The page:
“The Artist,” written and directed by Michel Hazanavicius, 100 minutes, rated PG-13.
In the always-evolving and opportunistic world of Hollywood, it can be difficult to gauge which cinematic innovations are genuine advancements in the medium, and which are merely gimmicks intended to dig into consumers’ wallets. Writer-director Michel Hazanavicius takes a look into this with his black-and-white silent film “The Artist,” the favorite to win Best Picture at this year’s Academy Awards.
In the late 1920s, actor George Valentin (Jean Dujardin) was a king among actors in the silent picture era, receiving standing ovations at sold-out shows and winning audiences over with his charming personality and pizzazz. And he was able to do it all through facial expressions, muted gestures and title cards.
But Valentin becomes the victim of his own stubbornness, insisting on not compromising his art and refusing to adapt with the industry as talking pictures take over Hollywood. As Valentin’s star fades, that of Peppy Miller (Berenice Bejo), a little-known actress Valentin once advised when he was in his prime and she was just getting started, begins to rise. Their destinies become intertwined as Peppy remains the only one in Hollywood still starstruck by Valentin, fascinated by him and his work.
For Hazanavicius, “The Artist” is an exercise in filmmaking that pays off, proving that good cinematic storytelling is the same whether the film is silent, black and white, color or 3-D. Hazanavicius keeps the narrative of Valentin’s fall from grace simple and accessible, but the running time feels a bit excessive at 100 minutes, taking an unfitting detour into dark territory as Valentin dwells a little too long on his post-talkie depression.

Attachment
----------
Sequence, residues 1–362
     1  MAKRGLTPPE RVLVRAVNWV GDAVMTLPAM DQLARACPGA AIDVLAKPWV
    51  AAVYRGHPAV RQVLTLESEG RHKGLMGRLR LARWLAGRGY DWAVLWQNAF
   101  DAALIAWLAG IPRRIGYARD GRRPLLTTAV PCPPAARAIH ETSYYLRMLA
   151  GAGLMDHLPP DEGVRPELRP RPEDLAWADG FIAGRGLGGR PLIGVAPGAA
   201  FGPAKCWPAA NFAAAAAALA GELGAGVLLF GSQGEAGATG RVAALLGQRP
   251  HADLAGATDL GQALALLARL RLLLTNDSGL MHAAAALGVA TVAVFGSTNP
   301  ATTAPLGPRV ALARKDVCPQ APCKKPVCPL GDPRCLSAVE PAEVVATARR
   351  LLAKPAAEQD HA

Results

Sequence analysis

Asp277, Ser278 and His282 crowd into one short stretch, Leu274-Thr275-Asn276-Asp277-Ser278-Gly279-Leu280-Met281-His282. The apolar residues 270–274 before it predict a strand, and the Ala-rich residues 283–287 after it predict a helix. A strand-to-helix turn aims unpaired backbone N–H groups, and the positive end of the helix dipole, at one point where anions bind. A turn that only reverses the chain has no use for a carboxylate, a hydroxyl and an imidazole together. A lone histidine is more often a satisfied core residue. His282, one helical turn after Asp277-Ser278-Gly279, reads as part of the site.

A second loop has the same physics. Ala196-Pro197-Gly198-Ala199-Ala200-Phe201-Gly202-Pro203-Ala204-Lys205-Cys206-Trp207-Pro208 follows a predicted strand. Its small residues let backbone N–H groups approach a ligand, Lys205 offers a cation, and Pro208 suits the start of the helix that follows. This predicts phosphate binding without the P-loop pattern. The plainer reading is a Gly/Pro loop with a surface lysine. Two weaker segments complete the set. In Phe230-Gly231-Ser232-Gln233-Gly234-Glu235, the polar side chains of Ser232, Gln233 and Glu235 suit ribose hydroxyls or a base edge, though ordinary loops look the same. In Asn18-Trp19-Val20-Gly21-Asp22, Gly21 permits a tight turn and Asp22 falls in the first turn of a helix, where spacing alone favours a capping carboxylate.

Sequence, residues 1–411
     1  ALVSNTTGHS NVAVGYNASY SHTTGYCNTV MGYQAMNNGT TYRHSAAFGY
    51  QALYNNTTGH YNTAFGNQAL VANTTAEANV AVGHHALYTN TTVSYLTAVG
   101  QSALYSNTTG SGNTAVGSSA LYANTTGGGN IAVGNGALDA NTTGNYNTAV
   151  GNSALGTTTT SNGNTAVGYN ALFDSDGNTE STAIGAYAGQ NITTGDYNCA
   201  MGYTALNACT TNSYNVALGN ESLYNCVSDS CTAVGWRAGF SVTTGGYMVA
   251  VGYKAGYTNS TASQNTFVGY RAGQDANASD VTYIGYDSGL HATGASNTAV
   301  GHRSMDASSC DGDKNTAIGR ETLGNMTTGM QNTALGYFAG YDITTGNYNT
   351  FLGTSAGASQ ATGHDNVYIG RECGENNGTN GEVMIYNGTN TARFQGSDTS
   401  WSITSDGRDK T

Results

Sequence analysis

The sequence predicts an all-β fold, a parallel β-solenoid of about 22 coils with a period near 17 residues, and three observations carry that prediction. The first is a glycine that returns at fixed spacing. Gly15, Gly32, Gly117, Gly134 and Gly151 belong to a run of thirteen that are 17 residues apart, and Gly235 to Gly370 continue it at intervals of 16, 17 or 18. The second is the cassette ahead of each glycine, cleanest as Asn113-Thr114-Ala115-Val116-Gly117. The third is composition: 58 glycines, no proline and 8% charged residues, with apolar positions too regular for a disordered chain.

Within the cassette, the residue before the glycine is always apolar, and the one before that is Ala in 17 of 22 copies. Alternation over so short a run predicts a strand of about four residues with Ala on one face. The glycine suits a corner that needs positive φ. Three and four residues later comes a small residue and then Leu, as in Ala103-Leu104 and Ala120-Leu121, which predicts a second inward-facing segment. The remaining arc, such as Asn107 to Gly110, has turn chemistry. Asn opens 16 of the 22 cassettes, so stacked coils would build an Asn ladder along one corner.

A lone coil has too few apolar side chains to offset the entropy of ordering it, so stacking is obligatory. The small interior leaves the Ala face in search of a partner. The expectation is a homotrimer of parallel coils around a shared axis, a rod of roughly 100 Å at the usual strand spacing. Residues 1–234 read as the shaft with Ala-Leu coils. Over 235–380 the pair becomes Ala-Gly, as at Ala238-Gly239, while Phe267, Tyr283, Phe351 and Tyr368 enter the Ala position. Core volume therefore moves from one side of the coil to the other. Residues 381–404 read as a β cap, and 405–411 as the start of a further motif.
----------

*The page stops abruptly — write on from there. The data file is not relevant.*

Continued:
With that said, for the most part “The Artist” is an absolute joy to watch, thanks in large part to Dujardin and Bejo. Dujardin, who until now was a little-known French actor from Hazanavicius’ “OSS 117” series, takes full advantage of a once-in-a-lifetime role as Valentin, transforming himself into the amiable entertainer who wows audiences within the film, as well as those watching it. Bejo does the same, and the two have a natural chemistry that helps bring “The Artist” together. Needless to say, whether or not either one takes home an Oscar on Sunday, they earned their nominations.
While it’s not one of my favorites from 2011, it’s easy to see how “The Artist” has become the leader in this year’s Oscar race. It’s original, well-made and a lot of fun to watch.
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